Have the Miami Dolphins done enough in free agency to allow the organization to take the “Best Player Available” in the NFL Draft?
There was a plan – to sign their own free agents while filling holes in the lineup and add depth at key positions that were weaker than others in 2016. The result could be deemed a success with Andre Branch, Kiko Alonzo, Reshad Jones, and Kenny Stills all coming back to south Florida. Dolphins making They then added linebacker Lawrence Timmons, guard Ted Larsen, safety Nate Allen, defensive end William Hayes, and tight ends Julius Thomas and Anthony Fasano.
There is still a chance the team signs linebacker Zach Brown, leaving the team one less area to worry about in April.[DavidL]
This Miami Dolphins team is on the verge of something big. Bigger than the 2016 playoff berth. Head coach Adam Gase has brought winning back to an organization that lost its way in the past decade. The culture and attitude in Miami are different. They are more defined. While the New England Patriots are still the class of the division, Miami will make another run at the postseason with a chance to move past the first round.
Of course, health is the key to this success.
Miami still needs help at linebacker, guard, defensive line and in the secondary – all spots that could be addressed in the Draft. The Dolphins have seven picks this year but do not have a fourth or sixth round selection, which means the organization must find the right fit at the right time.
Here is how I see the Miami Dolphins draft breaking down.
Round 1, Pick 22 – Taco Charlton, Defensive End, Michigan
Cam Wake can still play at a high level, but he is getting older and the Dolphins must find a younger pass rusher to compliment him and eventually replace him. Charlton has great size at 6-foot-6 and 277 pounds and could be the team’s next Jason Taylor.
Charlton’s first step off the line is explosive. In certain situations, the Dolphins may choose to use Charlton as a stand-up linebacker. His versatility makes the Dolphins even better on defense.
Round 2, Pick 54 – Kevin King, Cornerback, Washington
King has great size at 6-foot-3 and 200 pounds. He is a dependable tackler who has long arms and can move stride for stride with wide receivers. His height makes him a matchup problem for pass catchers who are used to battling smaller defenders.
Miami has Byron Maxwell, Xavien Howard, Bobby McCain, and Tony Lippett as their top cornerbacks, but adding another player for depth and to challenge for the nickel cornerback position makes sense.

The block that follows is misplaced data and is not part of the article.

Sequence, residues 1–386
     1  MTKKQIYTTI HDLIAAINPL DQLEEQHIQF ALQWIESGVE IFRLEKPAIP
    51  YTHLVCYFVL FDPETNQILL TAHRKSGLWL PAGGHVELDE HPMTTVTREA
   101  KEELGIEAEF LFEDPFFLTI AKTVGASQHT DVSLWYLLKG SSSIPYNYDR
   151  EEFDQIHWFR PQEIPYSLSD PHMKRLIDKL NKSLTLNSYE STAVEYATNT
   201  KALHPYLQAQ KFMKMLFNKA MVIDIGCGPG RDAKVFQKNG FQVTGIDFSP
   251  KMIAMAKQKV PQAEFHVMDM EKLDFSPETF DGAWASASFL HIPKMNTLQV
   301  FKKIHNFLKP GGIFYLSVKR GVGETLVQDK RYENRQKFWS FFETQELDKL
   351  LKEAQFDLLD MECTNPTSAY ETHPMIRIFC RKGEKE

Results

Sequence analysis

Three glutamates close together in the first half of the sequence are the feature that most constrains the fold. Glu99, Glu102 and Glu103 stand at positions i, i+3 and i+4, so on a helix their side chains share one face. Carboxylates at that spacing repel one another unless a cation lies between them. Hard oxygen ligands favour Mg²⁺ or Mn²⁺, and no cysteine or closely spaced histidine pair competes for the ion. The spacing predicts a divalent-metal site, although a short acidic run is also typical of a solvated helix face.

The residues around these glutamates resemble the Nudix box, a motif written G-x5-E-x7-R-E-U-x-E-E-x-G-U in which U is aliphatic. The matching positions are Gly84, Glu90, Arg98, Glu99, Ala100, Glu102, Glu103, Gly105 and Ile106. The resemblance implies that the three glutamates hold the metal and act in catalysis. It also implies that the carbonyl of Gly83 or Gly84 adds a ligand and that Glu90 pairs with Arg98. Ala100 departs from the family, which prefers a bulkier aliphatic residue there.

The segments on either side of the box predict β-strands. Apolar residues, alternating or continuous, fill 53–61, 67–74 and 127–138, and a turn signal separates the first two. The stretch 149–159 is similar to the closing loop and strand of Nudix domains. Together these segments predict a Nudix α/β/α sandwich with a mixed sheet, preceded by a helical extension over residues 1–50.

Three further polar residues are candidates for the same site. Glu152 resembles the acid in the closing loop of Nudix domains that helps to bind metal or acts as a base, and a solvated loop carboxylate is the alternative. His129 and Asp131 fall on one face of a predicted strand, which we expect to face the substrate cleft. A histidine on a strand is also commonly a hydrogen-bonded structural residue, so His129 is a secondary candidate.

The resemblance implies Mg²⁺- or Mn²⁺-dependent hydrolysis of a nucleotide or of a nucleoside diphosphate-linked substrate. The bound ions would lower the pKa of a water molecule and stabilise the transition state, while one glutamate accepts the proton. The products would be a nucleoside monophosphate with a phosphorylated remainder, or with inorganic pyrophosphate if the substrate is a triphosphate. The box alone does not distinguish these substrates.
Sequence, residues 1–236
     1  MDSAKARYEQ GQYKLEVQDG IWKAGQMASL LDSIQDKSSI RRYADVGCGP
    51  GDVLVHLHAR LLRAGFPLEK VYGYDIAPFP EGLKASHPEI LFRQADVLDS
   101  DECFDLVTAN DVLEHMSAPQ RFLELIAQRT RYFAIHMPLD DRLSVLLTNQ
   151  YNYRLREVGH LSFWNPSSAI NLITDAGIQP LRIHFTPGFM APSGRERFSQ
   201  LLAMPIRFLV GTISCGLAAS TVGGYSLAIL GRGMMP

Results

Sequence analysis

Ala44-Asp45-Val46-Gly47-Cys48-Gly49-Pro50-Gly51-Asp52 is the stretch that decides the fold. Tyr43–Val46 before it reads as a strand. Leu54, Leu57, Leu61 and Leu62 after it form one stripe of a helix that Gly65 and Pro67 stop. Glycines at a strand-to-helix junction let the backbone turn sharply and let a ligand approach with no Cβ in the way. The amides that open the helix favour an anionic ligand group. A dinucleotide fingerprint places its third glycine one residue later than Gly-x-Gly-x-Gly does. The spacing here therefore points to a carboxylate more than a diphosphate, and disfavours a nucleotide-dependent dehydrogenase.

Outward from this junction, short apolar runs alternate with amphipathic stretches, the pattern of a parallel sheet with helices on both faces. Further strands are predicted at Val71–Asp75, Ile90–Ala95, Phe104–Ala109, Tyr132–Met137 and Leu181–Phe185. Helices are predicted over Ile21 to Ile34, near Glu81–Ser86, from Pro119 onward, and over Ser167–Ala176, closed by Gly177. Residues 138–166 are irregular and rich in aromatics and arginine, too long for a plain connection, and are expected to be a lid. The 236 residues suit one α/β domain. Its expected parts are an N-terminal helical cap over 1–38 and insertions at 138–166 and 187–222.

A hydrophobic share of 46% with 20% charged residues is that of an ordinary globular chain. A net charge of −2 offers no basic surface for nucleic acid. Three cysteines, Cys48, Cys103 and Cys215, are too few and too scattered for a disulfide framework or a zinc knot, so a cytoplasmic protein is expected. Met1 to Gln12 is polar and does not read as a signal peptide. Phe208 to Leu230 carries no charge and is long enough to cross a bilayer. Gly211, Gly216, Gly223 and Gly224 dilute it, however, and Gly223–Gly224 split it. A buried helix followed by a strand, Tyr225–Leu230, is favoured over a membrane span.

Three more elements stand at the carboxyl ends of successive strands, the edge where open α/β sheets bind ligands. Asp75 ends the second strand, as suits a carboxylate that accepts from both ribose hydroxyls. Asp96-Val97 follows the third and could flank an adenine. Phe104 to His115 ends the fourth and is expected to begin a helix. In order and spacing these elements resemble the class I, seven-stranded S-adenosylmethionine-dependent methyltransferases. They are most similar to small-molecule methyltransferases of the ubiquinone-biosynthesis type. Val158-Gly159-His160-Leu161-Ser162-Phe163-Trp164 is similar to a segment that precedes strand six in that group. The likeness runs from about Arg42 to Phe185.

Round 3, Pick 97 – Isaac Asiata, Guard, Utah
A real grater at 6-foot-3 and 323 pounds. He could push for a starting role with the Dolphins quickly.
The three-time all-conference selection has started at least part-time every year of his college career, locking down the left guard role during his junior and senior campaigns after logging his first action (including four starts) at right tackle as a redshirt freshman.
He adds depth immediately to Miami’s offensive line.[Sean2]
Round 5, Pick 166 – Matt Milano, Outside Linebacker, Boston College
Boston College puts out tough, durable linebackers. Of course, Milano is not the biggest player on the field at 6-foot and 232 pounds. But that does not mean he isn’t one of the better players.
Milano adds depth to the position. Even if the Dolphins sign Zach Brown or another player, Milano is a nice addition to the rotation. In the meantime, he can play on special teams.
Round 5, Pick 178 – Charles Walker, Defensive Tackle, Oklahoma
Charles Walker would make a nice, big run stuffer as a pro. Moreover, Walker is not the typical tackle teams look for. He is a bit shorter than most like at 6-foot-2, but at 310 pounds, he can plug the middle.
This is not a need pick as much as it is a choice for depth. Presently, Miami has Ndamukong Suh and Jordan Phillips as the starters, with Nick Williams and Lawrence Okoye as the reserves.
Round 7, Pick 233 – Justin Senior, Tackle, Mississippi State
Senior is a project player that the Dolphins could develop on the practice squad.
He is a big kid at 6-foot 5 and 310 pounds with room to grow. In fact, Senior is not a need for this team. However, adding him to the rotation as he develops will be a benefit to the run game in the future.
The Miami Dolphins have made moves to make the offensive line better. Consequently, playing in the SEC, against top competition will help in his maturation on the next level.